Watch your trusty feeder to get inspiration from Cardinals, Goldfinches, Nuthatches, Woodpeckers, and Mourning Doves (yes this species CAN generate inspiration…although mostly when they get wacked by Cooper’s Hawks). I admit some feeders have a hard time at being inspirational; I know this from personal experience. I watched our family feeder as a kid in downtown Niagara Falls and to risk being called close-minded, it pretty much sucked. The few highlights at our feeder were rare visits by Downy Woodpecker and Song Sparrow. I wondered where all the Goldfinches, Grosbeaks, Redpolls and other cool birds were and eventually learned two main things from my first bird-feeder:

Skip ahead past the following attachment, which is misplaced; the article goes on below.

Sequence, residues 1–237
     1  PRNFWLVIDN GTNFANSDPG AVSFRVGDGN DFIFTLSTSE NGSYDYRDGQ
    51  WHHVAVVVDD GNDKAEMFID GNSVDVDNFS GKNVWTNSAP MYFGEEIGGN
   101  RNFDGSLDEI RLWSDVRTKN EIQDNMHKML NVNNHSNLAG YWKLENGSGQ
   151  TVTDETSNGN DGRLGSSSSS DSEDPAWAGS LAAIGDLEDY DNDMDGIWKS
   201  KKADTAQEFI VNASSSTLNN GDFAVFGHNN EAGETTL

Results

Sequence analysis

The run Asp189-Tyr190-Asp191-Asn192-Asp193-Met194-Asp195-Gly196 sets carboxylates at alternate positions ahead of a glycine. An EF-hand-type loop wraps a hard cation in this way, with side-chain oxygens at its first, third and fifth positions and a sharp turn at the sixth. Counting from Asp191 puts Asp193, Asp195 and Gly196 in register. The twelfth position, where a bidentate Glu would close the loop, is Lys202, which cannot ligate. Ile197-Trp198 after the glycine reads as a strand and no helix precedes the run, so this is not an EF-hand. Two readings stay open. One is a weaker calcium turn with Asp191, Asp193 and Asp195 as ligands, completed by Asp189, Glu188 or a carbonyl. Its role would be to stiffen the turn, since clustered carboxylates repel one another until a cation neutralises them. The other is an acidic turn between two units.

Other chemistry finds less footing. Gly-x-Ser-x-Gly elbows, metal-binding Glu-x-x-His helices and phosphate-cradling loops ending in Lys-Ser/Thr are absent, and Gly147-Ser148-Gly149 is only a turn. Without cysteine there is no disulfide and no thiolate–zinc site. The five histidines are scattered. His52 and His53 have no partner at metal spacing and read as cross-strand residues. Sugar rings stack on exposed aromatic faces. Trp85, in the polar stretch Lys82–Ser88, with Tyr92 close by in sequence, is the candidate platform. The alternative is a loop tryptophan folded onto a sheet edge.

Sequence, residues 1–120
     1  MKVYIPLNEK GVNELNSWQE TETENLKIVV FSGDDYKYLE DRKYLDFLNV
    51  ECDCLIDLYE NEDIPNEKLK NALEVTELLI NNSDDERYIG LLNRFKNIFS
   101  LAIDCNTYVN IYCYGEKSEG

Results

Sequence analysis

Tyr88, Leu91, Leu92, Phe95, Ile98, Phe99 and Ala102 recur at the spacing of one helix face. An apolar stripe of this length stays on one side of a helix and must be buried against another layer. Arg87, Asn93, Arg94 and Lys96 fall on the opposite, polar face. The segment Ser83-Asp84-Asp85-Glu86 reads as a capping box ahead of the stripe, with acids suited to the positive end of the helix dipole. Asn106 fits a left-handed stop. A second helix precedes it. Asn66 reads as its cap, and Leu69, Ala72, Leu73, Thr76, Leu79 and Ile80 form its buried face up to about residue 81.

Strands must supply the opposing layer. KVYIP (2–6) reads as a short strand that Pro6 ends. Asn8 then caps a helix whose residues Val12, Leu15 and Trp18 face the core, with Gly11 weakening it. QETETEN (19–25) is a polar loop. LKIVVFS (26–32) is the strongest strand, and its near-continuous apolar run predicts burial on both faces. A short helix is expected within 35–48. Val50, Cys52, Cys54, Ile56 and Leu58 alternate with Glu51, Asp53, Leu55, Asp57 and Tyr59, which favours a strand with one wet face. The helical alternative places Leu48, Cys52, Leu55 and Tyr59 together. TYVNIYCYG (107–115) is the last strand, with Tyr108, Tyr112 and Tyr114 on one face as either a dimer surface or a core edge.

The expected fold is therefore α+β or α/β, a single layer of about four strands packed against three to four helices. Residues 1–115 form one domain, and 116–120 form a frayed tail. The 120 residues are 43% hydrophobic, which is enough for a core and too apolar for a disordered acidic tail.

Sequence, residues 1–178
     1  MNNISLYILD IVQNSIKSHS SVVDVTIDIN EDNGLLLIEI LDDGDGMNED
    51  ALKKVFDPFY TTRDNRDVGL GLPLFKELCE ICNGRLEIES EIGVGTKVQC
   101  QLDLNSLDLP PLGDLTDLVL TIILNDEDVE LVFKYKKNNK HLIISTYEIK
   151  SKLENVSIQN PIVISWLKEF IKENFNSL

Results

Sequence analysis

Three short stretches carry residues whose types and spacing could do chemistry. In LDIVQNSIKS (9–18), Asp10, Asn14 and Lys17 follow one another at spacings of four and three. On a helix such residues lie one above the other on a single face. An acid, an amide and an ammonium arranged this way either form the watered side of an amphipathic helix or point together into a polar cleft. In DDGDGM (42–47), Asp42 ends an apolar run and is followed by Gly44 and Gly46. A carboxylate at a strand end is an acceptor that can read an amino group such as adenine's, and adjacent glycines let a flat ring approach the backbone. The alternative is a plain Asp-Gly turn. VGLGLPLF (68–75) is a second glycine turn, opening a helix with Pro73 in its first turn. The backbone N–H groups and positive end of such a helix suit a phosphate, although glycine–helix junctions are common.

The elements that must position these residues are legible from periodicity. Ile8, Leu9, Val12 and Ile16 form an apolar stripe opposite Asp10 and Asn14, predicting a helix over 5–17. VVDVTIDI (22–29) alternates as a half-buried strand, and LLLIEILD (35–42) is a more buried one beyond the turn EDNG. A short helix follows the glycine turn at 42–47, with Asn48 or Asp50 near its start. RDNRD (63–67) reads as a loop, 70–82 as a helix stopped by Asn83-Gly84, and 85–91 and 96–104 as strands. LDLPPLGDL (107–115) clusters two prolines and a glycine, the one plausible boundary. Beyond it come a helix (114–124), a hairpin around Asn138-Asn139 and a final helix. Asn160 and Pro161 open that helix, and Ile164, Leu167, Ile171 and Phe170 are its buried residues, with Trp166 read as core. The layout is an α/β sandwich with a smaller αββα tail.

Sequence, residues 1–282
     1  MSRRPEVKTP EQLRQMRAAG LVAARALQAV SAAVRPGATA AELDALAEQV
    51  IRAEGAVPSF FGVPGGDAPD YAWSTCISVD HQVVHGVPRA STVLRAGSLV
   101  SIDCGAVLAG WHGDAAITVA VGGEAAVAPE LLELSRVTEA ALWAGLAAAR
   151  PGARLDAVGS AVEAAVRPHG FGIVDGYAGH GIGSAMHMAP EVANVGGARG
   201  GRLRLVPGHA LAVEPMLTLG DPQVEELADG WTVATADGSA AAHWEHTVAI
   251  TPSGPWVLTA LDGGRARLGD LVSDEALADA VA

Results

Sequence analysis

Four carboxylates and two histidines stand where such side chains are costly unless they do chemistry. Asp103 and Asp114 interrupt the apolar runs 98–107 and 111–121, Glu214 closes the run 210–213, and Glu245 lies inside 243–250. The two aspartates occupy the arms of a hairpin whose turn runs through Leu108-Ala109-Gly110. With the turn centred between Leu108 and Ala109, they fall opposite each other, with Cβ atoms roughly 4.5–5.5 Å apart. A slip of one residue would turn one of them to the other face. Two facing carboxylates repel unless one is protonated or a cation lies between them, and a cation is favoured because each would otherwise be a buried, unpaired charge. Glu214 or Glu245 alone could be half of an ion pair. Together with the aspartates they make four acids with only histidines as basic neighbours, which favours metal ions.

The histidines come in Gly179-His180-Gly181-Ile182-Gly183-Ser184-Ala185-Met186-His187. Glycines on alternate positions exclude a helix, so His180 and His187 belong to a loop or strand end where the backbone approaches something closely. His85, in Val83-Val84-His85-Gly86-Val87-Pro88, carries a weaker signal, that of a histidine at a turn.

1.) That my backyard had an unholy affinity for Pigeons, Starlings and House Sparrows and 2.) I had to search for the “cool” birds elsewhere. I eventually found those “cool” birds and ended up in a country with a huge variety of very cool birds; Costa Rica. Here, I never have to be concerned about a trio of invasives being the only stars in the backyard bird show. Exotic bird families show up and species differ by location, elevation and feeder food offered. For the most part, fruit is used instead of seeds; papayas, ripe plantains and bananas. In fact, with feeders in Costa Rica, you almost want to go out there and feed with the birds. Birds like….

that most versatile of flycatchers, the Great Kiskadee.

These guys will eat just about anything and are far from shy; kind of like the “Blue Jay” of Costa Rican feeder birds. This one is choking down a lizard.